In the Spaces – Lent 4
March 22, 2020

In the Spaces – Lent 4

Passage: John 14:25-28

In the Spaces
March 22, 2020
Rev. Fritz Nelson

Text: John 14:25-28

We’re alone now.

We’re not really, but with all this social distancing it feels like we are. A friend told me the Ruli Brothers meat counter mosh pit has become an orderly line stretching around the store. Everyone carefully standing six feet apart. Personal space on steroids.

I married an introvert, but I’m not one. My wife would social distance in a heartbeat, preferably to a cabin surrounded by at least 100 acres of field and meadow, ridgetop and stream. But even she, after a while, begins yearning for connections. For those she loves. For family. For friends. It can get so lonely. We can feel so alone. Anything for a hug, a handshake, a high five, a shared laugh (not an emoji laugh but a real one) over a stupid video.

Jesus, only hours away from the cross, only weeks away from his ascension, knows his departure will create a vast hole in his disciples lives. They will experience fear and longing. They will experience anxiety and uncertainty. For three years he has literally been God With Them. The visible, touchable, huggable, walking, talking, high fiving, tell a joke, share a story, laugh over the stupid, cry over the hard, presence of God in their lives.

Soon the disciples will be alone. But they won’t be. God had been present in the world long before Jesus and would be long after. One will come. The original Greek here is Parakletos – a comforter, helper, advocate, assistant – someone who helps us get through life like a lawyer helps a client get through a legal matter. Someone who is on our side, working the system, hearing our needs, responding to us. The Holy Spirit – the breath, the wind of God.

• The breath bringing life to Adam and inflating our own lungs as we exit the womb.
• The guide who opened the eyes of Hagar to a well in the desert before she and her child died or thirst, and who brought a friend of mine, at his worst moment, to a place of healing, renewal and salvation.
• The presence who was the fourth person in Shadrach, Meshach and Abednego’s fiery furnace and was the second person holding a friend as she waited for surgery.
• The rescuer whom David experiences reaching from on high in times of trouble, and whom an acquaintance experienced when stuck on a highway during a whiteout blizzard.
• The life giver who sit with Lazarus in his tomb and who reversed another friends journey between the kingdom of earth and that of heaven.
• The sustainer who journeyed with Jesus on the cross and journeys with a friend who is managing enough burdens for a multitude but is able to keep going.

The Parakletos. The Holy Spirit. The wind, breath, of God. The one who enables Christ’s peace.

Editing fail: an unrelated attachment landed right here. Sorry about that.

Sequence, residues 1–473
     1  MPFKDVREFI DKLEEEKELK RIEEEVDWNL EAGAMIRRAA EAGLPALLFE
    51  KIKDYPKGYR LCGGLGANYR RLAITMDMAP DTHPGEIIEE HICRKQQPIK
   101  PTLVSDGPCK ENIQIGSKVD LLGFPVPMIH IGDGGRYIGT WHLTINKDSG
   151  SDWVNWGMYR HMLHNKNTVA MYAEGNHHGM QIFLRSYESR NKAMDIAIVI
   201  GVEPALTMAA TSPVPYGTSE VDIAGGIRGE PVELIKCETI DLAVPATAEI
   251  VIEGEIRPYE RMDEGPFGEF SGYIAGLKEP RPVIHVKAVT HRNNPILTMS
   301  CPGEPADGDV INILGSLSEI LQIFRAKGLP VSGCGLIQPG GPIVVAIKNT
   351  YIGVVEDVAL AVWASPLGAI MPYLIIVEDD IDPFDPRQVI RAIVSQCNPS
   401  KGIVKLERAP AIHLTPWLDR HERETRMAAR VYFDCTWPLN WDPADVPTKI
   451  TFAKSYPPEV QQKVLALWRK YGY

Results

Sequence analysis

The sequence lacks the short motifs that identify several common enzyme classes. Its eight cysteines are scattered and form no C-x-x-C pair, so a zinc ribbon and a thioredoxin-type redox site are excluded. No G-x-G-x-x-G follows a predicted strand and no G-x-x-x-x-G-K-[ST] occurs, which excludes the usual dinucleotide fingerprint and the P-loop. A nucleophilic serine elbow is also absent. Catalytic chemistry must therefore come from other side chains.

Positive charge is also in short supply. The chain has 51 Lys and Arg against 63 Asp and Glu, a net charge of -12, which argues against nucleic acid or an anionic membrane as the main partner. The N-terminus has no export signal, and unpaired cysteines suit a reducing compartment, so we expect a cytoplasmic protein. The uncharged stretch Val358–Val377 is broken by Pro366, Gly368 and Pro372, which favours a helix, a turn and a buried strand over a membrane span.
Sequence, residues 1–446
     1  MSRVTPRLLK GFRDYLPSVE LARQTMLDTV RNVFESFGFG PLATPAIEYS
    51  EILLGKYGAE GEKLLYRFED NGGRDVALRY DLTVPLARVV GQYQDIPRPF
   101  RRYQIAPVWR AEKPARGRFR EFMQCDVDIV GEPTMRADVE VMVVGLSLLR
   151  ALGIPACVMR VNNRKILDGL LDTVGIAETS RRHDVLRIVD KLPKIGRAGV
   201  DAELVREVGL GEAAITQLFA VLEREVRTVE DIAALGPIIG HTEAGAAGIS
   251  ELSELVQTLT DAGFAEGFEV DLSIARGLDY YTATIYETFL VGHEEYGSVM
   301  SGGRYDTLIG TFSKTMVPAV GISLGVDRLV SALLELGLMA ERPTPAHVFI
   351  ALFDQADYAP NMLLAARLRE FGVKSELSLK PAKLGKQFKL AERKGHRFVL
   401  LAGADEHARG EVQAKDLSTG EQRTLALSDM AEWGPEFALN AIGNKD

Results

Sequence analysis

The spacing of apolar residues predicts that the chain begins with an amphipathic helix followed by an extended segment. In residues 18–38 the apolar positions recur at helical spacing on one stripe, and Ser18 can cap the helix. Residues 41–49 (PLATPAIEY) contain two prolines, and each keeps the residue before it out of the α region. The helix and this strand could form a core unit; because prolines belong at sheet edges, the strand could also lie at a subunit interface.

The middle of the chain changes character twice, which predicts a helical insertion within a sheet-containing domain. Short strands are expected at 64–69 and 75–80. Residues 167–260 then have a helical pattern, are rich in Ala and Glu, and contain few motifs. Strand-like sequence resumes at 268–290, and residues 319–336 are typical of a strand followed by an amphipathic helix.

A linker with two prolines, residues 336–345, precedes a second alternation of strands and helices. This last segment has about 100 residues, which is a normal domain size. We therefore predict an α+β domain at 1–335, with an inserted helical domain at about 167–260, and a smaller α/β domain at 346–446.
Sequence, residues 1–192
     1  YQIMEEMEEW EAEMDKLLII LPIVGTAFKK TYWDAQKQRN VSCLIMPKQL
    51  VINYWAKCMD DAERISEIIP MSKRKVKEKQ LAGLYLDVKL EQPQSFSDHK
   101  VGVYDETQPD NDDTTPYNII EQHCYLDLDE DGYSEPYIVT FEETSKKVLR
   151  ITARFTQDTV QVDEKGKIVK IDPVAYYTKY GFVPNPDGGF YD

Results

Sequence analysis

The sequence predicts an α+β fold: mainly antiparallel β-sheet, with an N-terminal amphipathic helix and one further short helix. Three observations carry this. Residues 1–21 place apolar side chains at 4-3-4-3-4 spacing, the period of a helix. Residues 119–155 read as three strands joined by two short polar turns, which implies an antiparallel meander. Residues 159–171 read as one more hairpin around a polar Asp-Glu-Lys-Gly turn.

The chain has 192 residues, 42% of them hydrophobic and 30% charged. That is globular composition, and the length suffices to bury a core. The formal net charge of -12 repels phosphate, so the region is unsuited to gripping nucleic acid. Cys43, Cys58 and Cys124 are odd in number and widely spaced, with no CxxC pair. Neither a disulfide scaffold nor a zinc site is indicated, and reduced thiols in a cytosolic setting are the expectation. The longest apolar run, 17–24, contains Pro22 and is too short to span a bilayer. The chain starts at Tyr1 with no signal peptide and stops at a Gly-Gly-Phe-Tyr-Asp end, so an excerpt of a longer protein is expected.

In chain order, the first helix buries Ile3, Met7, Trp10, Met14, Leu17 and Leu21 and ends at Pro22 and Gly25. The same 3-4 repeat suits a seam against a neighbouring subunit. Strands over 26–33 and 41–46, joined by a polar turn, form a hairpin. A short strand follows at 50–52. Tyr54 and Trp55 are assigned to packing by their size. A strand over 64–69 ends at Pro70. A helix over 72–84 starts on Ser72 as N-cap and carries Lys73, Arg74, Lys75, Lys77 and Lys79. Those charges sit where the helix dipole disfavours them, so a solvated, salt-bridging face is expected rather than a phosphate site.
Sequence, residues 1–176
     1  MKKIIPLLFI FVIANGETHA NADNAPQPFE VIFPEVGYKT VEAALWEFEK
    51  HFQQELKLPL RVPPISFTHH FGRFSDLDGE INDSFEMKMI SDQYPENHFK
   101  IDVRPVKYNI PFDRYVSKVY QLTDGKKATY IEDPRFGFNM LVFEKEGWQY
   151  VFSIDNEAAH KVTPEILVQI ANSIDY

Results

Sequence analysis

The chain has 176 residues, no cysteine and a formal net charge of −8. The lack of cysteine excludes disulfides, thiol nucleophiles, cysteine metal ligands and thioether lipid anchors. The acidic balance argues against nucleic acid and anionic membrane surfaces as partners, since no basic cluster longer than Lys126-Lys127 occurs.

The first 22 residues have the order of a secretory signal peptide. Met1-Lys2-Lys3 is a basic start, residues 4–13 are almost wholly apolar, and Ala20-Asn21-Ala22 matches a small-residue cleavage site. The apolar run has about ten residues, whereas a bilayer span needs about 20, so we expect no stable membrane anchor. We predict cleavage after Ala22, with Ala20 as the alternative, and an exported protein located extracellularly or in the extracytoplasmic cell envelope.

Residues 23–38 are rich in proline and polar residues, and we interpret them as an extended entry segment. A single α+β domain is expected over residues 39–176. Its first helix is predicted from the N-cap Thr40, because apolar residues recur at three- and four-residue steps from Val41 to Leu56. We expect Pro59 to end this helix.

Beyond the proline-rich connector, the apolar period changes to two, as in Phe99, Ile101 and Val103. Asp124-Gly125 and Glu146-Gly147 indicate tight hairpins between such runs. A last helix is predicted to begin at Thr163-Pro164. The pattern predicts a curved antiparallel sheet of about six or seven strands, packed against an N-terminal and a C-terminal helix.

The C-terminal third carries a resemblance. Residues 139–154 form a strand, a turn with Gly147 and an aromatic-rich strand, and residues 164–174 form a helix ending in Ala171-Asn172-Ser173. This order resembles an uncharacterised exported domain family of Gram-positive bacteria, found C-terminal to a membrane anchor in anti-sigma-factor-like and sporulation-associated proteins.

I was in ninth grade. The good kid whose worst crime to date had been sneaking Cracker Jacks between afterschool snack and dinner. (This doesn’t sound like much, but in my family, in my house, with my mother, this was a pretty serious crime.) But boy meets girl, girl meets boy, hormones ranged and now I’d done something much, much, much worse than the unauthorized eating of unauthorized snack food. If I told my parents, they’d kill me. If I told my pastor he’d tell my parents. So I sat alone, in my room, convinced I was about to be struck down into the pits of hell. Instead God’s presence engulfed me. The Parakletos, the divine self, the advocate, comforter, helper, surrounded me. You’re okay. Its okay. Come on. Get up. You’ve got a life to live. I’ll be here with you. It will be okay.

Since then I’ve done much worse things – it wasn’t that bad – not nearly what most of you were thinking – and felt a lot less guilt – but I will always remember the sense of divine presence I’ve experienced. The peace I received. The peace given to me. I knew then, for the first time, how real, how present, our God can be.

As I entered Sparkle last night for some milk a strange feeling entered the pit of my stomach. Usually I breeze into Sparkle with little thought, thinking only of what I needed to get and who I might meet. Last night was different. Would there be milk? Would there be other people? Would I catch it? Two people were in the milk aisle. I lingered at the end until they’d moved far away. I marveled at the bare toilet paper shelves and wondered if diarrhea was a side effect of social distancing. At the register I carefully maintained my six feet.

Fear, loneliness, anxiety have filled the spaces between us. But God’s also there. The divine presence, the wind, the breath, the peace. We’re not going through this alone.


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